Was The GOP Debate Different Without Trump? Not Really

by
Priyanka Prasad
Although the candidates focused a bit more on policy and less on the personal, the atmosphere was similar to that of every other Republican debate.

gop debate

The primary news story to emerge from Thursday night’s Republican presidential debate was the absence of Donald Trump. Trump chose to boycott the debate due to an ongoing feud with Fox News; instead, he hosted an event at Drake University to raise money for veterans.

Without Trump, many said the debate was actually substantial. Candidates discussed the issues, policies, and their ideas without engaging in personal attacks (Trump’s favorite tactic). Yet how accurate is this assessment?

Not very. Although the candidates focused a bit more on policy and less on the personal, the atmosphere was similar to that of every other Republican debate. Sen. Ted Cruz set the tone for the night as he opened with this remark: “Now, secondly, let me say I'm a maniac and everyone on this stage is stupid, fat, and ugly. And Ben, you're a terrible surgeon. Now that we've gotten the Donald Trump portion out of the way...”

Candidates would not stop mentioning Trump. Marco Rubio called him the “greatest show on Earth,” Jeb Bush sarcastically referred to him as a “little teddy bear,” and later refuted his anti-immigrant rhetoric. Even moderators kept shaping questions around his controversial statements. If everyone had ignored Trump altogether—because that’s what he deserves—it might have been a more powerful strategy. Yet, his presence was clearly felt in the room, even in his physical absence.

In terms of discussing actual issues of policy, candidates essentially divulged no new information. Cruz continued promoting his unfeasible and morally reprehensible strategy to “carpet bomb” ISIS, citing the first Persian Gulf war as an example of this approach being successful. As a CNN fact check pointed out, the U.S. did not use carpet bombing during the first Persian Gulf war:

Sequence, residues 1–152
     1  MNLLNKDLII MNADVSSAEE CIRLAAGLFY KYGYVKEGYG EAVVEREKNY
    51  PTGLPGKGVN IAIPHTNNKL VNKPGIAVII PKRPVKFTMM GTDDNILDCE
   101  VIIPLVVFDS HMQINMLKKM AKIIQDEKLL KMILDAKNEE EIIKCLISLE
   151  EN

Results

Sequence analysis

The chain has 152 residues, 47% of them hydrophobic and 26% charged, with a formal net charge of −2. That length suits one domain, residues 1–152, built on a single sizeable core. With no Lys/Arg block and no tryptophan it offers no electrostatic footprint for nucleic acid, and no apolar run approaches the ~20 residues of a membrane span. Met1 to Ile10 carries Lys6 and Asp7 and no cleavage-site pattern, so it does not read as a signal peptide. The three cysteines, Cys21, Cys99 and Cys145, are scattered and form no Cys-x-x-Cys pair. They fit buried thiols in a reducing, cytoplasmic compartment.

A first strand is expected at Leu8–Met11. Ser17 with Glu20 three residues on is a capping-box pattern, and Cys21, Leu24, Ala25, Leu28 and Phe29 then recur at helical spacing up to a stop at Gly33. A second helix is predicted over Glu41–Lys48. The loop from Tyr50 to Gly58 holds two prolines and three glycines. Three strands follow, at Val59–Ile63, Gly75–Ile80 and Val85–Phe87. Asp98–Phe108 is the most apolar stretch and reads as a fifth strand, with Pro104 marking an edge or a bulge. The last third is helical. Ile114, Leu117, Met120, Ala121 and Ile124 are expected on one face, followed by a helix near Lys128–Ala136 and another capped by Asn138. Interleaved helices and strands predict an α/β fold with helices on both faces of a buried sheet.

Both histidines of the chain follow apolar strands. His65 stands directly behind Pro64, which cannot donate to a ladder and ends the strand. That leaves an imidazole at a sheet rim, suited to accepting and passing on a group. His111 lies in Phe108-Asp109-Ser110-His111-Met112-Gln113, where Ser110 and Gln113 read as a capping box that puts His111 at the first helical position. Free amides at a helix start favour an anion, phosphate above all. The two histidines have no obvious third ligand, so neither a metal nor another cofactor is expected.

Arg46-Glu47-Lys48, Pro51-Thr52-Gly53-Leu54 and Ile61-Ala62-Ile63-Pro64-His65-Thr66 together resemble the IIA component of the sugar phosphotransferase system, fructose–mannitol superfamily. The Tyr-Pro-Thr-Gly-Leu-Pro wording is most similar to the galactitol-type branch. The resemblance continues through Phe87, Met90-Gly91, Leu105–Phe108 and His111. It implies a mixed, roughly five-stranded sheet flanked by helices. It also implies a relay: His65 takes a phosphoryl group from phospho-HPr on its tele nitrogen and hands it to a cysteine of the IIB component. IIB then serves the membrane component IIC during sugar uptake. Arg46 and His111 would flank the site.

“Cruz is wrong in his characterization of the Gulf War bombing campaign. The air attacks conducted during the Gulf War were precision-targeted, with laser-guided bombs designed to hit enemy fighters and minimize collateral damage. That is the mirror opposite of carpet bombing.”

Cruz also offered up the usual platitudes of Obamacare as a “job killer,” although this was also fact-checked as false.

In lieu of attacking Trump, candidates began to attack Cruz, calling out his hypocritical voting record. Rubio claimed that “the only budget that Ted has ever voted for is a budget that Rand Paul sponsored that brags about cutting defense spending,” while Rand Paul brought up Cruz’s fluctuating views toward amnesty (a topic that Cruz has been especially crafty in discussing).

Cruz, very early on, complained about this: “Chris, I would note that that the last four questions have been, "Rand, please attack Ted. Marco, please attack Ted. Chris, please attack Ted. Jeb, please attack Ted..."

There was more civility in this debate than prior ones with Trump, but the way the candidates behaved was largely the same. Many of the arguments hinged on breaking down other candidates’ voting records and policies—it still felt incredibly negative.

The discourse was not much more substantial than previous debates, and we learned very little new information from the candidates. Trump shifted the tone of Republican discourse from the moment he announced his candidacy, and those implications remain, even in his absence. 

Banner Image Credit: Reuters

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